Rubbing your eyes
The skin around your eyes is super delicate and prone to damage. "Rubbing this sensitive area stretches skin and breaks down collagen and elastin, which can result in wrinkles," explains Board Certified dermatologist and RealSelf Contributor, Sejal Shah, MD. The more you do it, the worse it gets. Have you ever pulled your lids taut to apply eyeliner? This has the same damaging effect. (Here's what derms want you to know about getting rid of wrinkles.)
Leaving your shades at home
Squinting at the sun—or even your phone or computer—forces the muscles between your brows and around your eyes to contract, which causes the overlying skin to crease. "Initially you may see the wrinkle only when you make the movement, but over time the collagen will break down and the wrinkles will become deeper and fixed," says Dr. Shah. The most common symptom of squinting? Crow's feet! The best way to prevent them is to wear sunglasses. Be sure to see your eye doctor if you notice you're squinting to see—it could be a sign that you need glasses. Check out the other sneaky signs you could need glasses (or a new prescription).
Wearing contact lenses
No, the act of wearing contacts alone doesn't cause wrinkles (or no one would buy them!), however, the way in which you're putting them in definitely can. Often when we put in contacts, we raise our brows. (We also tend do this when applying mascara.) Similar to squinting, this repetitive movement causes the skin on your forehead to wrinkle.
Eating too much sugar
Yes, dessert tastes delicious, but it's not so sweet for your skin. According to Dr. Shah, excess sugar intake can result in the formation of "advanced glycation end products" (AGEs), which can damage collagen and elastin, leading to wrinkles and sagging skin. Did you know that certain foods can actually help fight wrinkles?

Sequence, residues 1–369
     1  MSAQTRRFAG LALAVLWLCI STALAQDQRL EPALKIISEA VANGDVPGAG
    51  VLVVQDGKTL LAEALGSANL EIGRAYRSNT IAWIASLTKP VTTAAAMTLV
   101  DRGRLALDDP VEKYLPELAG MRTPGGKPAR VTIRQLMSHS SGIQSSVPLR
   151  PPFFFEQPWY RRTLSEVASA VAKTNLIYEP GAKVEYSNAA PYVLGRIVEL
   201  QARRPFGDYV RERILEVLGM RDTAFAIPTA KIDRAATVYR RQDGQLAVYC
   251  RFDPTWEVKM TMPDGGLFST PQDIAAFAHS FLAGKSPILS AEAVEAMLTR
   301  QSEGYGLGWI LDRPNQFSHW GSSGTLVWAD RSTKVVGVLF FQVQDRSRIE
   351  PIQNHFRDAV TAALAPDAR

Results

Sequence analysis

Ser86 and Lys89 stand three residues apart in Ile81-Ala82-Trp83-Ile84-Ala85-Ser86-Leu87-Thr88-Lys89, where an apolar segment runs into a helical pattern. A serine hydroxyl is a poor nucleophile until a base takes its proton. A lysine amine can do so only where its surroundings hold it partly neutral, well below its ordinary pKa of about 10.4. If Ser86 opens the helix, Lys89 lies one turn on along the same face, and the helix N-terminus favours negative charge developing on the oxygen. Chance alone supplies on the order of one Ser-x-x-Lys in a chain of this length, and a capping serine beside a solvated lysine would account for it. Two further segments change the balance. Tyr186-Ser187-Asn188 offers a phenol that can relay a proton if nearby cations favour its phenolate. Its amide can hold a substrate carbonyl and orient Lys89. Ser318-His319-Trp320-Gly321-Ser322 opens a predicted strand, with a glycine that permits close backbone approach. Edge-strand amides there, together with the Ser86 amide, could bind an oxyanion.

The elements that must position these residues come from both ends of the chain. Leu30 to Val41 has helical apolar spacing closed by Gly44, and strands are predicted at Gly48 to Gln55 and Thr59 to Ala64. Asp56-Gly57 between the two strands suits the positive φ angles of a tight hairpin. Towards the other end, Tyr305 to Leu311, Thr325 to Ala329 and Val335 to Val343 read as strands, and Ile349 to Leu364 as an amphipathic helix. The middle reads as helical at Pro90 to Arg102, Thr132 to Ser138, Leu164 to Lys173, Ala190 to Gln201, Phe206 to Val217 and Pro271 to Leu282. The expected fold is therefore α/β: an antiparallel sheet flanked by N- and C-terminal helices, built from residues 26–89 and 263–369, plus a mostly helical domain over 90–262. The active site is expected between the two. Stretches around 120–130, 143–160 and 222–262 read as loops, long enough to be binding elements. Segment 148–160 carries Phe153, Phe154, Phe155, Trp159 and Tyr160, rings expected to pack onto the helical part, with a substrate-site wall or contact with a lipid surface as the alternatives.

Lack of sleep
Beauty sleep is a real thing. The hours when you're conked out are when your skin repairs and renews itself. If you're depriving yourself of a good night's rest, your complexion won't be able to rehab itself efficiently, leading to less cell turnover and a dull complexion. Here's how to sleep your way to smoother skin.
Sleeping on your stomach
"When you sleep on your stomach, your face is smushed down against the pillow, pushing the skin into creases," says Dr. Shah. "After several hours in this position, the wrinkles became etched into your face." Stomach sleepers also may notice increased puffiness around the eyes, as this position makes it more difficult for fluid to drain. The solution: Snooze on your back with your head slightly elevated. These are the best sleep positions for your different health concerns.
Staring down at your devices
When you're staring down at your phone, tablet, or other electronic device all day long, you bend your neck repeatedly. This action causes lines and wrinkles to form on your neck—a phenomenon sometimes dubbed "tech neck." Learn the anti-aging tricks dermatologists recommend for delicate neck skin.
Sipping through a straw
Some dentists will tell you to drink coffee or tea through a straw to prevent teeth staining, but dermatologists fervently disagree with the recommendation. In order to use a straw, you have to purse your lips. Like any repetitive motion, it takes a toll on your skin. "Doing this frequently causes wrinkles to form around your lips," says Dr. Shah.
Resting your face in your hands
Heads are heavy, we get it. But resting your face in your hands repeatedly can literally create wrinkles. "When your hand props your face up, it also pushes the skin into creases, which can become permanent as this behavior is repeated over time," explains Dr. Shah. The pressure from your hands can also cause collagen and elastin to break down.
Chewing gum requires a lot of muscle activity in the cheeks. When done consistently it causes the collagen to break down, which (yep, you guessed it) leads to wrinkles on the cheeks and around the mouth.